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Serve cold
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Use a stout cracker or chip
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Last edited by KAP on Tue Jan 14, 2020 11:48 pm, edited 5 times in total.

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Re: OAUSA Net - January 16. 2020 - Hot Sauce

#9

Post by KAP » Mon Jan 13, 2020 6:31 pm

My breakdown of sauce types.

I tend to put hot sauces into two categories.

Highly Vinegar based:
Tabasco is the most well known. These sauces use vinegar and salt as the primary ingredients along with a variety of pepper types. The advantage of these sauces is that they have a very long shelf life and do not require refrigeration. They tend to have a very sour taste due to the vinegar(acetic acid).

These sauces can also have a variety ingredients like flavored vinegar, fruits or sugar to provide balance.

Low or Non Vinegar based:
Pico Pica uses no vinegar. In others, vinegar is low on the ingredients list. They often have preservatives or other ingredients that may interfere with dietary restrictions.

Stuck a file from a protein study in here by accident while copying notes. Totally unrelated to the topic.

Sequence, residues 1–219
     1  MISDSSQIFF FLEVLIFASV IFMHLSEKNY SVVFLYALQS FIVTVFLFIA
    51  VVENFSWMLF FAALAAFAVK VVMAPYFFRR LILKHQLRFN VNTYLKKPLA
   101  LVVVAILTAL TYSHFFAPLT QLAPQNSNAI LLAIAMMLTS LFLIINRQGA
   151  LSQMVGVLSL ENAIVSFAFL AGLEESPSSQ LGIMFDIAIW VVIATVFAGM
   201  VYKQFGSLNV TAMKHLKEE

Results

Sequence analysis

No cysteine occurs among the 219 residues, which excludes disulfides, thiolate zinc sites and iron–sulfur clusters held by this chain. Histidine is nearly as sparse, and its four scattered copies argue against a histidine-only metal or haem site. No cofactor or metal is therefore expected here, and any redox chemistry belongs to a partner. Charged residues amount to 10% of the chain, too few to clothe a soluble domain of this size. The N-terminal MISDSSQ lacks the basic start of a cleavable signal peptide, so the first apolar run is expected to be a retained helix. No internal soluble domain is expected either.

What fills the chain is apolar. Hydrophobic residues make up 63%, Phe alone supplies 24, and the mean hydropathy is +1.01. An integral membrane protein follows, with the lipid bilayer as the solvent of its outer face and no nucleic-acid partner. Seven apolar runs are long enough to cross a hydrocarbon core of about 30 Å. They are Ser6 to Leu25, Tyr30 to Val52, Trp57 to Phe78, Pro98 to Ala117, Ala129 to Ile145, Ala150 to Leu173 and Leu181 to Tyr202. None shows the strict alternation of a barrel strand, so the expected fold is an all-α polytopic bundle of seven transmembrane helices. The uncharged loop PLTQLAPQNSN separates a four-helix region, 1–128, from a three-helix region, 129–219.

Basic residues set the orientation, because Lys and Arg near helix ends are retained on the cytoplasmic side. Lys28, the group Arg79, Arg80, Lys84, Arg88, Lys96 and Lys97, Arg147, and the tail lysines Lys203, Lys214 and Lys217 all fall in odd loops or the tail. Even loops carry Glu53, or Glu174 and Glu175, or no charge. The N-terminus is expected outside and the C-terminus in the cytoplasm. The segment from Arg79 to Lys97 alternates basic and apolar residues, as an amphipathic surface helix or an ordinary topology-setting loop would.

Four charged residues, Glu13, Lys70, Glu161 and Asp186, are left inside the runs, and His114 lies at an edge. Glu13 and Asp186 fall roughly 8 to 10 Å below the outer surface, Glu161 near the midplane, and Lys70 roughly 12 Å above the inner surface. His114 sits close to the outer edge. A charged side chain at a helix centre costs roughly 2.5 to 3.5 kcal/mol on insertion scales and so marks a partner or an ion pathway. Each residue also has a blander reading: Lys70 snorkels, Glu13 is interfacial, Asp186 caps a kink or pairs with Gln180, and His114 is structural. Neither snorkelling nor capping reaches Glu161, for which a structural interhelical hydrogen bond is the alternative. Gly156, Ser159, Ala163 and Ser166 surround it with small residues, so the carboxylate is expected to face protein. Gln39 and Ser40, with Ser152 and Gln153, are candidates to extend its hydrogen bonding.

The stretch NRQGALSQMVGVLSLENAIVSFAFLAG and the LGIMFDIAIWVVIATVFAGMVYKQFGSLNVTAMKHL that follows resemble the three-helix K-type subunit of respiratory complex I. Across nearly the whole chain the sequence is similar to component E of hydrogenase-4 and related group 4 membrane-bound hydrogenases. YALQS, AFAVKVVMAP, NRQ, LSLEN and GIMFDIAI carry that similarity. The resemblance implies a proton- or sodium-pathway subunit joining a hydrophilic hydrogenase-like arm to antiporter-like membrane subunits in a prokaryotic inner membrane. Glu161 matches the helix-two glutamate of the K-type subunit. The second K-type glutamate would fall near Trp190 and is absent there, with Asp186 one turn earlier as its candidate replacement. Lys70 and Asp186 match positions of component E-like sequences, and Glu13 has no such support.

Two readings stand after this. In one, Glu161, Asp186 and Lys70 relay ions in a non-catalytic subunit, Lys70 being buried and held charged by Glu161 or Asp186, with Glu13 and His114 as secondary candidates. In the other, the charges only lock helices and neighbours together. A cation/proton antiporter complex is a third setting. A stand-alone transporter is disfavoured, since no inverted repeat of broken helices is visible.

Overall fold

These too can include a variety of interesting ingredients.

* As with all food labels, the higher up on the ingredients list, the higher percentage of that ingredient. If chili pepper is last on the list. The sauce will be less hot for a given pepper type.
Last edited by KAP on Tue Jan 14, 2020 11:53 pm, edited 7 times in total.

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Re: OAUSA Net - January 16. 2020 - Hot Sauce

#10

Post by KAP » Mon Jan 13, 2020 7:01 pm

Sauces from around the world

I enjoy tasting authentic sauces from different countries. Each of them use local ingredients and many special peppers.

Here are some common types found around the world.

United States
Louisiana style
Key Ingredients: Vinegar, salt, pepper, chilis
Examples- Tabasco, Texas Pete's, Louisiana brand, Crustal,
Red Rooster, Trappey’s

Buffalo Sauce